Thursday afternoons are my favourite afternoons. I push my key into the door, discover only silence and then bask in it. To be honest, the reality is a little less graceful than that but still, on afternoons like this, I am the King and Luke is free. We stumble into the house, drop our disguises and open our mouths to the sweet, sweet taste of Captain Crunch. As our stomachs begin to pity us, the television gives its performance. Maybe Batman is on, maybe SpongeBob is on or maybe even Thomas the Tank Engine is on… no matter the show, we watch. Luke watches because it makes him happy and I watch because it makes him happy.
The beginning of the news is our warning. He soon bashes on the door, expecting it to bow down but everyone knows that it only does that on special occasions. I pick myself up from the big armchair, his armchair, and pace towards the entrance of my Kingdom. As soon as I twist that handle though, it is no longer my kingdom.
He stumbles in, places his arms around me and suffocates my torso.
“Sorry, I forgot my key. How was your day?” He bellows.
“It was good. I got in the football team,” I murmur.
His head almost hits the ceiling.
“I knew you’d get in! We’ll go and get you some gear tomorrow.”
“Thanks Dad.” I almost whisper.
The rest of the night is a normal one. Dad prances around the kitchen with every dish at his disposal and eventually presents to us his take on Mexican cuisine. We sit at the table, one chair empty, and “eat”. I use the word “eat” as a subjective term because Dad and Luke spend the entire time pretending that their corn chips are aeroplanes flying through the sky. My planes would’ve flown with theirs once.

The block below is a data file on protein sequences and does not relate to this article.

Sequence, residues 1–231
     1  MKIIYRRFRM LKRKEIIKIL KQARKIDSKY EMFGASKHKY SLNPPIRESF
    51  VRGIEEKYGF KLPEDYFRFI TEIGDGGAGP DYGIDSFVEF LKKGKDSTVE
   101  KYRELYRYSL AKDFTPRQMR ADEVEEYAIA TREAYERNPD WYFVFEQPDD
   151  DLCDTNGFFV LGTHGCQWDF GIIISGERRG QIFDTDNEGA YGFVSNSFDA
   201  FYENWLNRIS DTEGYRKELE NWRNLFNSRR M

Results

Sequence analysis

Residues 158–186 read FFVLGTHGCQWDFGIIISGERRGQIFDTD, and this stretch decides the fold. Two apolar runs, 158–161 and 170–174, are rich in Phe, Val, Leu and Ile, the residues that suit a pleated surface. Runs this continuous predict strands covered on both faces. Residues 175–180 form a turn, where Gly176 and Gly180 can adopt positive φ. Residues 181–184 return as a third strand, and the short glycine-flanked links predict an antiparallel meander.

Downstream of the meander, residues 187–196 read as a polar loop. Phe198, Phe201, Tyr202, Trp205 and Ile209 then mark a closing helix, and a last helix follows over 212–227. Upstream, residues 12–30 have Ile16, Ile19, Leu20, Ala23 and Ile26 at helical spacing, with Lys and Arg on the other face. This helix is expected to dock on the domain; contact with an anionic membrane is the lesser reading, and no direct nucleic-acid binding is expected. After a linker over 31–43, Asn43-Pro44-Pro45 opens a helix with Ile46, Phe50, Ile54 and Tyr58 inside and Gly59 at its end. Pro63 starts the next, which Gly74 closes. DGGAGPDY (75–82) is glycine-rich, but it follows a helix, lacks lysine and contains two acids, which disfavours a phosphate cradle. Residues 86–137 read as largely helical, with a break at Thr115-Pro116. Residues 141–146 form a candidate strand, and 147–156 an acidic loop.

The front door squeals on its hinges and in she comes. Like always, a briefcase is attached to her hand and a frown is attached to her face. She paces towards us and in that moment Luke almost stages 9/11. The dining room lights fall upon her face and for the first time in a long time, I see her. Ash blonde hair is pulled behind her head and a face ever so slightly touched with makeup, awaits admiration. Her cheekbones contend with Angelina Jolie’s but her eyes are their own kind of beauty. They stage a dance of blue and green with thick eyelashes orchestrating their movement. All I can think of is irony. Her beauty is so damn ironic.
“How was your day?” Dad asks.
She nods and continues with her expedition for food.
“There are some leftover nachos in the kitchen.” He pushes.
An elongated sigh escapes her mouth and she rushes towards her bedroom, leaving her family without a sense of family yet again. Little Luke begins to call out, and I instinctively pick up one of his corn chips, pretending that it is a plane once again. That stops him… for now.
The circus finally comes to an end, and Luke and I shuffle into our room, our tongues removed on entry. It is time to sleep. I lay him down on his racing car bed and pull the white duvet to his chin.
“Goodnight little man.” I whisper, fully aware of the risk I have taken.